Lumbard, Anderson and Feinberg, Circuit Judges.
The Herald Company, which publishes and distributes three newspapers in Syracuse, New York, petitions this court to review an order of the National Labor Relations Board, issued on March 3, 1970, pursuant to section 10 (c) of the Act, and the Board cross applies for enforcement. Shortly after the Board filed its petition for enforcement, The Building Service Employees, International Union, Local 200, AFL-CIO and the Syracuse Mailers Union No. 73 intervened. These unions joined together in filing a petition to review the Board's order in a separate action on the theory that the Board failed to grant them certain relief, and the Company intervened in that case. These two cases have been consolidated and were heard together. We deny the petition to review and grant enforcement of the Board's order.
Following a lengthy hearing the Board's Regional Director for its Third Region on July 19, 1967 issued a decision and directed an election for all of the distributors of the Herald Company's newspapers. He defined the appropriate bargaining unit in which to conduct the election as follows:
All city, motor route, street sales, country and suburban distributors employed by the central New York area, but excluding all other employees, office clerical employees, guards, professional employees and supervisors as defined in the Act.
The Regional Director also found that the distributors were "employees" under section 2(3); 29 U.S.C. § 152(3) of the Act. Arguing that the distributors are independent contractors rather than employees, the Company moved to have the Board reopen the representation hearing. That motion was denied on November 15, 1967 and a subsequent motion for reconsideration was denied on December 4, 1967.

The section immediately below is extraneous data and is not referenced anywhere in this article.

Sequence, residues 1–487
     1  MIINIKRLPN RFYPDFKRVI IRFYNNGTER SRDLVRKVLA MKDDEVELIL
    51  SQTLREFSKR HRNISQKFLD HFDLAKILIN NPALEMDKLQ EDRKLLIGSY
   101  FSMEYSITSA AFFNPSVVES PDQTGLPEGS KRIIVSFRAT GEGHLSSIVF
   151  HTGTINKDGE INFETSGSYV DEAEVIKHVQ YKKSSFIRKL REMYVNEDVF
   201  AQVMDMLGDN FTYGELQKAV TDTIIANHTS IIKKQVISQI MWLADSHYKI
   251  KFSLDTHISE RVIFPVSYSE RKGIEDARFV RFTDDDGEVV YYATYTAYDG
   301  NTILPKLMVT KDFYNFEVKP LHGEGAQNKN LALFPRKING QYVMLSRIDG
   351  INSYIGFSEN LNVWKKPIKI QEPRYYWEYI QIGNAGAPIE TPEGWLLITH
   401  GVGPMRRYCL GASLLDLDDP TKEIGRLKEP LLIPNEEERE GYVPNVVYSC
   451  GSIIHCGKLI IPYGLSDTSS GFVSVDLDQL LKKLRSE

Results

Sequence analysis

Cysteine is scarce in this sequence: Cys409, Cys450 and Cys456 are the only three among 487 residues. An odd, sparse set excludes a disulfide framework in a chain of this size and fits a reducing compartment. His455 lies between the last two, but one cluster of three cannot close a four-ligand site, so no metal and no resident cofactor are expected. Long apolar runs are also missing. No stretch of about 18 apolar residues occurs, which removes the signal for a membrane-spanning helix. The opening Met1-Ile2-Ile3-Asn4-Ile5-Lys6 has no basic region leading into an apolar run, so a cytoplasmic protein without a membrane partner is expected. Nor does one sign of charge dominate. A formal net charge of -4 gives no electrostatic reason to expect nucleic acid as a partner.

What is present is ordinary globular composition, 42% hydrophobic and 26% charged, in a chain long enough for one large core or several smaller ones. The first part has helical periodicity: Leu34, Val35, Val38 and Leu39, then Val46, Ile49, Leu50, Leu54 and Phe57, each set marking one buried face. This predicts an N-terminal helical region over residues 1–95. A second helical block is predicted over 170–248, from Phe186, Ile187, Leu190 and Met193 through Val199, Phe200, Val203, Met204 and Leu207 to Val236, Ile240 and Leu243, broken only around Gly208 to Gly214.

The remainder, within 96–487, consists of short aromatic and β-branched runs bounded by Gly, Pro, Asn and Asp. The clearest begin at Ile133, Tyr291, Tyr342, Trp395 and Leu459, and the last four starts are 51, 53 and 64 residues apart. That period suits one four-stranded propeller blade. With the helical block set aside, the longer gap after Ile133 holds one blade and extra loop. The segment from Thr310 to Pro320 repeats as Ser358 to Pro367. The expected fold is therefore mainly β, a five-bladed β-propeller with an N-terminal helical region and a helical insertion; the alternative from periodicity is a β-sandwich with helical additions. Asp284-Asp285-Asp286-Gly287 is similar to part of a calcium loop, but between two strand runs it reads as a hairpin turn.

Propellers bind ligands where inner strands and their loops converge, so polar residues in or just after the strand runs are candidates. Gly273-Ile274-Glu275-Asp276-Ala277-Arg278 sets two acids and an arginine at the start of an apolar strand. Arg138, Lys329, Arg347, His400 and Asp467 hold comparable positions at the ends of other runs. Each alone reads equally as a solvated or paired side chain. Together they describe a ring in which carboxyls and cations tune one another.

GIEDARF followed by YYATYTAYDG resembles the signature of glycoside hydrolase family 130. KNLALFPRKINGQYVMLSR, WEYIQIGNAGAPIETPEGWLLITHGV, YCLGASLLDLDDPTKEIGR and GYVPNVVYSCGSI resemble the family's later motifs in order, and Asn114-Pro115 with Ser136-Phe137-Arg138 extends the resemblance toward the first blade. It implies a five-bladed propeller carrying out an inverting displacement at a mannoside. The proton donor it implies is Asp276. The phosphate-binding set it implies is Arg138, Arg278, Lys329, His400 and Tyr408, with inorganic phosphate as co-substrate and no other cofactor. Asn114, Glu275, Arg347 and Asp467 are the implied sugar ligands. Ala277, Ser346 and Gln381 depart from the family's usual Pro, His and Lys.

On January 4, 1968 the Regional Director conducted an election in the bargaining unit which he had found appropriate. The Union won that election by a vote of 63 to 31 and, on January 23, 1968, overruling the Company's objections to the election, the Director certified Local 200 as the distributors' collective bargaining representative.
An unfair labor practice proceeding ensued as a result of a complaint by the Union and on March 3, 1970 in a decision reported at 181 NLRB No. 62 the Board found that the Company violated §§ 8(a)(1) and (5) of the Act by refusing to recognize and bargain with Local 200, which had been certified as the exclusive collective bargaining representative of the distributors, by refusing to bargain with the Mailers and by unilaterally changing conditions of employment after Local 200 had been certified. The Board also found that the Company violated §§ 8(a)(1) and (3) of the Act by other discriminatory actions taken against the distributors with the intention of discouraging union membership and activities. The Board issued a bargaining order, as well as a traditional cease and desist order. It also ordered reinstatement of distributors discriminatorily terminated and that they be made whole for compensation which had been withheld from them by the Company.